NASW submitted public comments for the interim final rules, or IFR, implementing the Paul Wellstone and Pete Domenici Mental Health Parity and Addiction Equity Act.
The association offered praise for the IFR’s “groundbreaking measures to improve patient access to mental health and substance use disorders coverage.”
The IFR aims to align health plan benefits in mental health and substance use disorders with health plan coverage for medical/surgical benefits. At press time, the IFR was expected to be effective for insurance plans that begin on or after July 1 of this year.
The IFR provides specific examples of acceptable and unacceptable health plan structures under the act.
Overall, the act requires group health plans that offer mental health and addiction benefits and medical and surgical benefits to treat both types of benefits equally in terms of out-of-pocket costs, coverage limits and reimbursement practices.
The IFR was released in February and was based on a review of 400 comments, including those made by NASW as a member of a coalition of mental health groups. From that time until May 3, the departments of Health and Human Services and Labor and the Internal Revenue Service offered a public comment period. NASW Executive Director Elizabeth J. Clark, on behalf of the association, sent comments that expressed strong support for the IFR and offered to aid in its implementation.
The letter noted that clinical social workers are the largest single group of mental health providers in the U.S. and that the IFR effectively implements the letter and spirit of the mental health parity and addictions equity act. It also improves clinical social workers’ ability to serve clients.
Among the suggestions, NASW:
- Supports the retention of the standard for annual and lifetime dollar limits to be treated similarly for mental health and substance use disorder (MH/SUD) benefits and medical/surgical benefits.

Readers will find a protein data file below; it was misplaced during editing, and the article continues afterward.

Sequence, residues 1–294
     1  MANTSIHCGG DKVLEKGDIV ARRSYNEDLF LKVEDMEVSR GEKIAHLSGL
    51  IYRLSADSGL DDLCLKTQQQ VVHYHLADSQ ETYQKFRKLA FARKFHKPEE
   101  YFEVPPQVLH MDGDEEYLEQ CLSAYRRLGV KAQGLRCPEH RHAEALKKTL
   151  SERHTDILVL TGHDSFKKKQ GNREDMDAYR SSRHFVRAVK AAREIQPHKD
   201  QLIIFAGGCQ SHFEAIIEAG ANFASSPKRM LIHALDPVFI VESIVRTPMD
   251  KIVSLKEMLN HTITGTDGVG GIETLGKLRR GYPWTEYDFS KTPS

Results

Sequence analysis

- Requests equitable treatment for MH/SUD treatment in the methods used to determine usual, customary and reasonable rates of provider reimbursement.
- Asked for examples in the final rule of the acceptable scope of the medical necessity reviews for MH/SUD treatment as compared to medical/surgical reviews to avoid inappropriate invasions of patient privacy.
- Believes the IFR should clarify that out-of-network providers have a right to the disclosure of a health plan’s medical necessity criteria relating to services they have provided for plan participants. Out-of-network providers who have provided covered services for a health plan member should have access to the medical necessity criteria and the regulations should be revised to require disclosure to providers who render covered services to plan members.
- Suggests additional clarification on the acceptable and unacceptable parameters for the exclusion of specific conditions or disorders, so that the purpose of the law is not thwarted. NASW requests additional discussion of acceptable and unacceptable disorders, specific exclusions from coverage or acceptable and unacceptable examples of the bases on which such exclusions may be made.
Sherri Morgan, associate counsel for the NASW Legal Defense Fund and Office of Ethics and Professional Review, said that while the IFR is favorable to real reform in mental health and addictions treatment insurance coverage, it is being challenged in court by behavioral health insurers as going beyond the scope of the authorizing legislation. Morgan noted that NASW also joined in comments supportive of the IFR through the Mental Health Liaison Group.
For more information, review the Legal Defense Fund articles: